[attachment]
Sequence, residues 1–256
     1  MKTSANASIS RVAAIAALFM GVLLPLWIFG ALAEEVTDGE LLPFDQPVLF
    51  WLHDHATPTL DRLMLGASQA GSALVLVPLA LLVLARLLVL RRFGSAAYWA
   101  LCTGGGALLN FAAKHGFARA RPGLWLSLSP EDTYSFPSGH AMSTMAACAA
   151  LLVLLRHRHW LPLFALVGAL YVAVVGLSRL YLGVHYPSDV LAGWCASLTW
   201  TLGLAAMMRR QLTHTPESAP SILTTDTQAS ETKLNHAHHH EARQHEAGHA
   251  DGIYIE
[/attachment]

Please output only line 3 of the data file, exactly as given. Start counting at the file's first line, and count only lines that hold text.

    51  WLHDHATPTL DRLMLGASQA GSALVLVPLA LLVLARLLVL RRFGSAAYWA